Thursday, August 16, 2007

Fly by the seat of your subprime pants 

Here's a good paragraph about the housing market, from someone who claims not to be a financial expert:
When you buy a house you are doing two things: 1) paying rent to yourself instead of someone else (and forgoing the opportunity for someone else to pay that rent to you), and 2) taking a long position in the asset class that is real estate in your local area. The type of mortgage you take out has no bearing on the rent you are "saving" (or forgoing) but it has everything to do with how levered your long position is in the asset class that is real estate. While the details of ARMs, neg-am mortgages, NINJA loans, no-money down deposits etc. are complex, essentially they all add leverage to that position. This is fine when prices are rising, but it also means you will lose all of your money (equity) when prices fall. Historically, home prices have never fallen, but they have never had such leveraged financing either.
Being leveraged when there's "a perfect storm for real estate" is not a good thing. Treasury Secretary Paulson has made it clear the Administration thinks things will settle down and that those that bore the risk of increased leverage are going to suffer the consequences.
[W]hen you go through a period like this, certain markets become illiquid and certain products become illiquid. [It takes time] for the market to better understand the risk and � the risk versus the benefits of certain investments before the money pours to the product and liquidity returns.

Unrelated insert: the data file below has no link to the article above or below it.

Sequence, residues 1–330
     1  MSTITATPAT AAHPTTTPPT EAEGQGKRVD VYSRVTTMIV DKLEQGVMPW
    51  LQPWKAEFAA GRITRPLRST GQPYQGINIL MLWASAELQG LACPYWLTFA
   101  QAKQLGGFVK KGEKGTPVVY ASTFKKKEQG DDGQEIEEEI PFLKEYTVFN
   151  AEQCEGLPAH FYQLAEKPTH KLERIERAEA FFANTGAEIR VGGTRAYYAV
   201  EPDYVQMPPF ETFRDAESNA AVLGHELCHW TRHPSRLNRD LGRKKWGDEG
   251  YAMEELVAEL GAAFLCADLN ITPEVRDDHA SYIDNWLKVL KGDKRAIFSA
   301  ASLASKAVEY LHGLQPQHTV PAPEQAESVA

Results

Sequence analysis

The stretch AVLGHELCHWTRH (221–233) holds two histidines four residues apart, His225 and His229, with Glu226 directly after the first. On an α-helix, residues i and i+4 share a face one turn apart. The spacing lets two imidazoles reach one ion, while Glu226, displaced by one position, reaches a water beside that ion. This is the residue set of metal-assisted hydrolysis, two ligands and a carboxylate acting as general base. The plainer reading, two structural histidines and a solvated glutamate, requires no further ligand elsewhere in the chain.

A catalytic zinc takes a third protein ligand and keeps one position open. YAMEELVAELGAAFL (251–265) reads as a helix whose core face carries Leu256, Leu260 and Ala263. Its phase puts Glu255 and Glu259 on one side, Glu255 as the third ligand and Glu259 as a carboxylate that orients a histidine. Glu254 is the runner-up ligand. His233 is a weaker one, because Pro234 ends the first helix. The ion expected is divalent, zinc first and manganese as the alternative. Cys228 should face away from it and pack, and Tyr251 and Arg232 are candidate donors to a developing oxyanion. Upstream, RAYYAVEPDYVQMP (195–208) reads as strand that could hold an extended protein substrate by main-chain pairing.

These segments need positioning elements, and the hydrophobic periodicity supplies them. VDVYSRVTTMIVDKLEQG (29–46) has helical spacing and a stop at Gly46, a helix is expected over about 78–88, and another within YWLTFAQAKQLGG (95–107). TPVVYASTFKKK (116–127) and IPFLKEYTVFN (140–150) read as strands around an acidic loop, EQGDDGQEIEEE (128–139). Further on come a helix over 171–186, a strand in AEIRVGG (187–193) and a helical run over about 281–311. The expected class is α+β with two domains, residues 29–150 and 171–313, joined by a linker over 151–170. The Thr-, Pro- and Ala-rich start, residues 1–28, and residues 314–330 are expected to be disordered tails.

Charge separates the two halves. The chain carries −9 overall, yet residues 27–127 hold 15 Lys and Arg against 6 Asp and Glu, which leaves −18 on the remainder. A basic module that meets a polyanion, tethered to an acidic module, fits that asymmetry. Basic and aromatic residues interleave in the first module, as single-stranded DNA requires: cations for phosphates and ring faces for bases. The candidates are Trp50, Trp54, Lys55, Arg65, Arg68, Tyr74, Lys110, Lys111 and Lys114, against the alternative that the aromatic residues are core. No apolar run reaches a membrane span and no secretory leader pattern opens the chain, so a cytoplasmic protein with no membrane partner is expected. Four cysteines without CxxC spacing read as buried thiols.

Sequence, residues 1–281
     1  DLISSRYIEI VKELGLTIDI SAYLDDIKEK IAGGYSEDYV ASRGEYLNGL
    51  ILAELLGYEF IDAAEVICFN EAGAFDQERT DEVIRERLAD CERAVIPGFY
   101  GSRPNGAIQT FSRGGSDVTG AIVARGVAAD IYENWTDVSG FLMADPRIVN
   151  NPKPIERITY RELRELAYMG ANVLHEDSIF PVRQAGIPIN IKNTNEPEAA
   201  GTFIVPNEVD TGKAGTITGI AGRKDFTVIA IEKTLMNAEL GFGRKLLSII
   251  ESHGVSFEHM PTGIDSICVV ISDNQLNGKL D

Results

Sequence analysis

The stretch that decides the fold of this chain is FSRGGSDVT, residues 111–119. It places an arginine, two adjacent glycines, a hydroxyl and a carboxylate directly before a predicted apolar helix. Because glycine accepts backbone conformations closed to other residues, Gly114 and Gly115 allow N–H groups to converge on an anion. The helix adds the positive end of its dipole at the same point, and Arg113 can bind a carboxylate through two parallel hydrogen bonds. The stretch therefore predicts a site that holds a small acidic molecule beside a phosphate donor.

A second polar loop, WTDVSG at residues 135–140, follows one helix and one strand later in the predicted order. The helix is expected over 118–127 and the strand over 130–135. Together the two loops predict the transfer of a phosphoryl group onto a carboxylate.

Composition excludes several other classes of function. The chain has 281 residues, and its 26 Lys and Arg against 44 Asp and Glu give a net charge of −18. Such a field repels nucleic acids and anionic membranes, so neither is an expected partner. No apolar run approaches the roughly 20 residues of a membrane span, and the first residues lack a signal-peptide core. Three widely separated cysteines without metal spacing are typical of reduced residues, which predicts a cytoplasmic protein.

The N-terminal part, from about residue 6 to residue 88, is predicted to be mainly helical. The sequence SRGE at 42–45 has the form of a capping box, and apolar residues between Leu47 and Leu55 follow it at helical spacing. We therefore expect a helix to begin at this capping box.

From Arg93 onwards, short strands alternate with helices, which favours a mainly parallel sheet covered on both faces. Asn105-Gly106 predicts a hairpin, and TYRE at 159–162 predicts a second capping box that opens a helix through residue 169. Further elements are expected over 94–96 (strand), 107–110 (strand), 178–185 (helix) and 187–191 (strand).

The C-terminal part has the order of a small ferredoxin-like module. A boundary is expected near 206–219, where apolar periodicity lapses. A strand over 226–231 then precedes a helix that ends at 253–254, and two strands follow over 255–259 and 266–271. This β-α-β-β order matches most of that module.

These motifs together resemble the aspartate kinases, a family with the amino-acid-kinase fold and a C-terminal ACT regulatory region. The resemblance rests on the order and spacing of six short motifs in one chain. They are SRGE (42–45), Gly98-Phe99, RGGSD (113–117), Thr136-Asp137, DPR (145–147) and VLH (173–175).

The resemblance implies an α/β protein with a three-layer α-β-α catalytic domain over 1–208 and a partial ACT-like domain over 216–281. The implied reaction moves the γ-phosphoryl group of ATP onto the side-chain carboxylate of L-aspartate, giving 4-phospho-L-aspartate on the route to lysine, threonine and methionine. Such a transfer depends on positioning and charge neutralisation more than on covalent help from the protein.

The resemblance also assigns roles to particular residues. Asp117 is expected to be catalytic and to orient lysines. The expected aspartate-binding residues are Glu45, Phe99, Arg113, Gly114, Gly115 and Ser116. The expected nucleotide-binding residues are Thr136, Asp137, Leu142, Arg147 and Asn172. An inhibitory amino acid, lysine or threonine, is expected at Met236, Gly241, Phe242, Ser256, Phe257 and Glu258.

And from here,
There�s nothing in my judgment that we should be doing in terms of guaranteeing market participants against losses or in terms restraining risk-taking. The natural consequence of these excesses is there will be some entities that will cease to exist.
David Wessel in that article reports that Paulson believes the global economy is strong enough to pull us along a little bit and keep us away from recession. He also makes the point that the prime mortgage market looks fine, and Fannie Mae reported this morning that this is so.

There's some sideways noise this morning from having political pundits Robert Novak and George Will writing this morning on issues they don't quite seem to understand (in Will's case) or just engaging in rumor-mongering. Mark Thoma is quite right to note that St. Louis Fed President Poole's interview yesterday was a clear marker that the rate cut everyone thinks is coming now is not a done deal. See also (Tim Duy.) Poole is a notorious inflation hawk, so he's not a great weathervane, but neither is anyone fully ready to say it's time for a cut.

I agree with Nouriel Roubini on this point: We are experiencing real, Knightian uncertainty. It is kind of comforting to think you can somehow figure out there's only $40 billion or $200 billion at risk, but would you bet your house on it? When you read the reports, don't the percentages look like SWAGs? We don't know, and neither does Fed President Poole nor Treasury Secretary Paulson. It'll be fly by the seat of your pants time for the near future.

And what does that do to consumers? That's really the $64 question. Tomorrow's consumer sentiment report might give us a clue.